Some rotational workers in Nova Scotia say they’re cautiously optimistic about the province’s plans to implement a “proof of vaccine strategy” that may allow them to shorten, or eliminate, the two-week quarantine required under COVID-19 public safety measures.
On Wednesday, Premier Iain Rankin said work was underway on a program nationally and provincially, that could verify whether a traveller has been vaccinated, circumventing any fraudulent attempts to avoid self-isolation in Nova Scotia.
With such a program in place, he said it is possible travellers with one dose could do a one-week quarantine with a negative COVID-19 test result, while double-dosed travellers could move freely.
“I want to see change, I know all of us do, but we’ll wait and see,” said David Alexander, a travelling chef who lives in Falmouth, N.S. “He said it publicly and he can’t take it back. I think for all of us, we’re watching. There are a lot of upset rotational workers right now.”
Since the pandemic began, rotational workers have been stuck in a cycle of self-isolation, modified self-isolation, COVID-19 testing, and recently — travel applications — the rules of which have all been changed a number of times.
Many must isolate apart from their families when they arrive in the province.
Rotational workers have been calling for leniency from the government for months, particularly as more and more of them are vaccinated.
Rankin said Thursday leniency wasn’t in the cards while the third wave peaked, but now he hopes to have news on the vaccination certification strategy “in the next few days.”
“I’ve asked the Public Health team and Department of Health to work around the clock,” said Rankin. “I completely understand, these people work extremely hard — some of the hardest workers I know — and they haven’t seen their families.”
He’s “confident,” he added, the program will come together and help inform Nova Scotia’s overall reopening plan.
Carl Jessome, an X-ray technician who does welding inspections across the country, called the possible strategy a “light at the end of the tunnel.”
The Sydney, N.S., resident said he thinks the announcement is evidence that “people are getting heard,” and the messages and emails from rotational workers have been effective.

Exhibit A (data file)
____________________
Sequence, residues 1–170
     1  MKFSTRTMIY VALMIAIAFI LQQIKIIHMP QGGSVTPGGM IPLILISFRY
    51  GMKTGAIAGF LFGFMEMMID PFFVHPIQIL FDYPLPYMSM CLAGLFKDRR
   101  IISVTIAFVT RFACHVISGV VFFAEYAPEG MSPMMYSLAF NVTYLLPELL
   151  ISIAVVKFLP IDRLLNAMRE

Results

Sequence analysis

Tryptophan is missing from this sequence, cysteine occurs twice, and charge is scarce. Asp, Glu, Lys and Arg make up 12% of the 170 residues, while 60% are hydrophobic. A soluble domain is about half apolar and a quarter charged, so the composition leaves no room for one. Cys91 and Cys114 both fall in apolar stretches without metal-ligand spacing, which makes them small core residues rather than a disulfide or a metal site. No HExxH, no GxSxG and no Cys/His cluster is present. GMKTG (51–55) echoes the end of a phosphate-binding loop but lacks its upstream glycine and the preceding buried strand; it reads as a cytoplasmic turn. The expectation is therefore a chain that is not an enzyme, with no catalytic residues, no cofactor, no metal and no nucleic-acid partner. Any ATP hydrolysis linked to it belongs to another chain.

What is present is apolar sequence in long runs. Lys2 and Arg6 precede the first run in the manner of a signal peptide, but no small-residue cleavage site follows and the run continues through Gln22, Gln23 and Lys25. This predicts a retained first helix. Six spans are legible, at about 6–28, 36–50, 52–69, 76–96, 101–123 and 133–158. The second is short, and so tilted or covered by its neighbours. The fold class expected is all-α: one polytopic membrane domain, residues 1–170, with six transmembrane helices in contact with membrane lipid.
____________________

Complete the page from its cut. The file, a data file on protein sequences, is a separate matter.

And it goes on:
“It’s encouraging for sure, so I’m hoping things can be implemented fairly quickly because it’s a tough time, and it’s even more stressful when you’re a rotational worker or when you work out of province.”
He has some concerns, however, about how such a strategy would impact rotational workers who choose not to be vaccinated or who choose to delay being vaccinated. He also raised some privacy concerns related to the concept of “proof of vaccine.”
Thomas Walsh, an environmental service worker, said he’s not going to hold his breath on the policy until he “sees it in writing.”
“It brings hope, but we all know hope sometimes doesn’t happen,” he told Global News from Fort St. John, B.C.
He feels somewhat heard as a rotational worker, he explained, but theorized that “peer pressure” influenced the premier’s decision, as neighbouring provinces begin to make exceptions for their out-of-province workers.
By July 1, Newfoundland and Labrador, for example, aims to have fully and partially vaccinated workers ending their self-isolation after receiving a negative COVID-19 test result.
Prince Edward Island hopes to have shortened isolation for all travellers by the end of the month, and starting next week, New Brunswick aims to release rotational workers from self-isolation after negative test results between five and seven days of their return.
As it stands, rotational workers in Nova Scotia must apply for approval to return to the province, get tested for COVID-19 three times within two weeks, and complete two weeks of self-isolation no matter what the test result is, or whether they’ve been vaccinated.
Those returning from “outbreak zones” in other provinces can not do the modified self-isolation — which includes family access and limited outdoor activity — while those returning from elsewhere in Canada can.
Nova Scotia’s list of “outbreak zones,” however, has not been updated recently, and is not consistent with Alberta’s, where many of Nova Scotia’s rotational workers complete their shifts.
The Department of Health and Wellness did not respond to questions about the impacts of that discrepancy by deadline.
News on the possible vaccination certification program comes just days after the province released a gradual reopening plan that did not include rotational workers.
Many said they felt sidelined by the exclusion, and the premier should have announced something for them last week, instead of including them this week as an “afterthought.”
“We’re part of the community, we’re part of the province. We should have been included in the plans right off the bat,” said Alexander.
He also suggested, the premier could have had more details prepared on the proof of vaccine strategy before announcing it — “dangling a carrot” in front of rotational workers that may not come for several more weeks.
There are more than 40,000 rotational workers in Nova Scotia.
According to the Health and Wellness Department, roughly three per cent of COVID-19 cases in the province since January have been classified as rotational workers, although the actual percentage may be higher due to a backlog in data entry.View link »